Tuesday, March 31, 2009

Post #17 - Vocabulary

I don't know about you, but my students' limited vocabulary astounds me sometimes. I have to constantly remind myself that I have an above-average vocabulary as it is (not to toot my own horn; it's just something people have actually commented on to me!). I'm not expecting regular sentences with 5+ syllable words; I just want them to expand their vocabulary.

Objective: To increase students' vocabulary
Materials: A text you are currently reading

I've done this particular "vocab-grab" exercise before with 5 different classes; it's much more manageable when you're on a block schedule (3 classes instead of 5), but still do-able if you're organized & "with it" enough.

The philosophy of Vocab-Grab is simple: let the students choose the vocabulary! Tell them before you assign a passage - in class or out - that they should make a list of words they don't know as they encounter them while reading. They should also note which page number they find it on. This will come in handy later.

Once you've finished the assigned text (or if it was for homework: The next day,) ask students to share words from their lists. Compose a big list on the board - take all the words they throw out at first. You'll narrow down later. When it comes to parsing, I usually keep only 10 words for a vocabulary "set". If we have more than that, we vote on which words to keep or throw out.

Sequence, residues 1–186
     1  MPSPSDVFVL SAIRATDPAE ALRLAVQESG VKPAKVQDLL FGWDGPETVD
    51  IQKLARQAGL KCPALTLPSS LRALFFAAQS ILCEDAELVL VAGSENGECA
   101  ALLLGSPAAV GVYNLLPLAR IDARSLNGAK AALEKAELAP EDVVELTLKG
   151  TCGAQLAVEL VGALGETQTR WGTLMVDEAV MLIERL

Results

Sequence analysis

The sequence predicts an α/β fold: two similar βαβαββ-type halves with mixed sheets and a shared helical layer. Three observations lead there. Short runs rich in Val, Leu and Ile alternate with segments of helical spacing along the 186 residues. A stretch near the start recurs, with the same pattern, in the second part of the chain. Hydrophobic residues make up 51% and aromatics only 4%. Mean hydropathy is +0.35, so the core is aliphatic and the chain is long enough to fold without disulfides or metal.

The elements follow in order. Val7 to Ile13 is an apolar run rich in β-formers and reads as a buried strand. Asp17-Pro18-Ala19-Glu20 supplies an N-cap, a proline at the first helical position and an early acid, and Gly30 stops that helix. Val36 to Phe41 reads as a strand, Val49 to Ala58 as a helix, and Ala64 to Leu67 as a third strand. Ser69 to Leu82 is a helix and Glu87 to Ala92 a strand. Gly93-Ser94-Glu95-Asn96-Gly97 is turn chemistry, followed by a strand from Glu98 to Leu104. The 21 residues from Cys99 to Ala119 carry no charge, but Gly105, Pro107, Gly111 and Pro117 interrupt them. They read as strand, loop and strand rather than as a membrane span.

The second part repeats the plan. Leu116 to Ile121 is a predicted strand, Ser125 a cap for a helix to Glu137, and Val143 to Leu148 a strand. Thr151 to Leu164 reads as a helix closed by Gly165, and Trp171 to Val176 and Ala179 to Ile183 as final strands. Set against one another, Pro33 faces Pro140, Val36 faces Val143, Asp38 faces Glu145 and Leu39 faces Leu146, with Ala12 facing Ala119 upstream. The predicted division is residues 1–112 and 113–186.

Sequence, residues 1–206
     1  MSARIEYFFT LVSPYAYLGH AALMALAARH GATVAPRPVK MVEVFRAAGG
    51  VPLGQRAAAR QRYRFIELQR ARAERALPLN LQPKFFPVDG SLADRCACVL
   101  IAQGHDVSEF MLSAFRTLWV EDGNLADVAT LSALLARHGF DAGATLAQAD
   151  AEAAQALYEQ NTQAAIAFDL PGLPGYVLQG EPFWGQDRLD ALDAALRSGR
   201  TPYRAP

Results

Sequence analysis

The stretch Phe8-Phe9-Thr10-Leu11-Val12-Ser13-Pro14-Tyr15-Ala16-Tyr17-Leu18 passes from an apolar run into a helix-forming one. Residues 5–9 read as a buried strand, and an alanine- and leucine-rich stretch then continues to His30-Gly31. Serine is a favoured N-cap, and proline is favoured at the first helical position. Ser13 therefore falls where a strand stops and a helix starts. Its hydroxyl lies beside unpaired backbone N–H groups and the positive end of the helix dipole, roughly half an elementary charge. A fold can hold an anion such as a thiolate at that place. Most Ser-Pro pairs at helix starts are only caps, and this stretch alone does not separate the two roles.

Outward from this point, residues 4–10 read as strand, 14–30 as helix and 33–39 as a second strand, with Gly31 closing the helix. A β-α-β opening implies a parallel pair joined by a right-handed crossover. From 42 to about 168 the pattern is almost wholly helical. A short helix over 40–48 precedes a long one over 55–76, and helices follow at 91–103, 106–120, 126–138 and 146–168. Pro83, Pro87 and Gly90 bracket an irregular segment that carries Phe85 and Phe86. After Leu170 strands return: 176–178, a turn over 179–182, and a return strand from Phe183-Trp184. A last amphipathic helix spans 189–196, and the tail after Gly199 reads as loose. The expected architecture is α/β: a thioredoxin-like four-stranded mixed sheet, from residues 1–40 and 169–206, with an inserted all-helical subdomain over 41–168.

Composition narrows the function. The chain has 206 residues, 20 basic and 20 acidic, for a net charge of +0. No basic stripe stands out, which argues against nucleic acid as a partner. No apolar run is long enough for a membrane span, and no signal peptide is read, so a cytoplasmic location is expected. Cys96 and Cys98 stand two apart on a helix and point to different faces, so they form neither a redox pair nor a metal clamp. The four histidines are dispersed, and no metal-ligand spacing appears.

After you compile the list, make note of it for yourself (especially if you have more than one class doing this). Then, hand out the dictionaries and start finding those definitions! If there is more than one definition for a word, look back at the word's context on the page (this is why you'll want them to write down the page #). Discuss which definition you think is most appropriate, and come to an agreement as a class.

They seem to retain the terms longer and really take ownership of them by choosing the words themselves. Sometimes, when we're voting on words to keep or throw out, I play my Teacher's Choice card. They often want to throw out a word that is long or seems to have a difficult spelling. If I think the word is a good one, though, I request (er...demand) that they keep it. The idea here is to learn & stretch ourselves, after all! That sometimes means keeping the hard words. ;)

Source: can't remember

No comments:

Post a Comment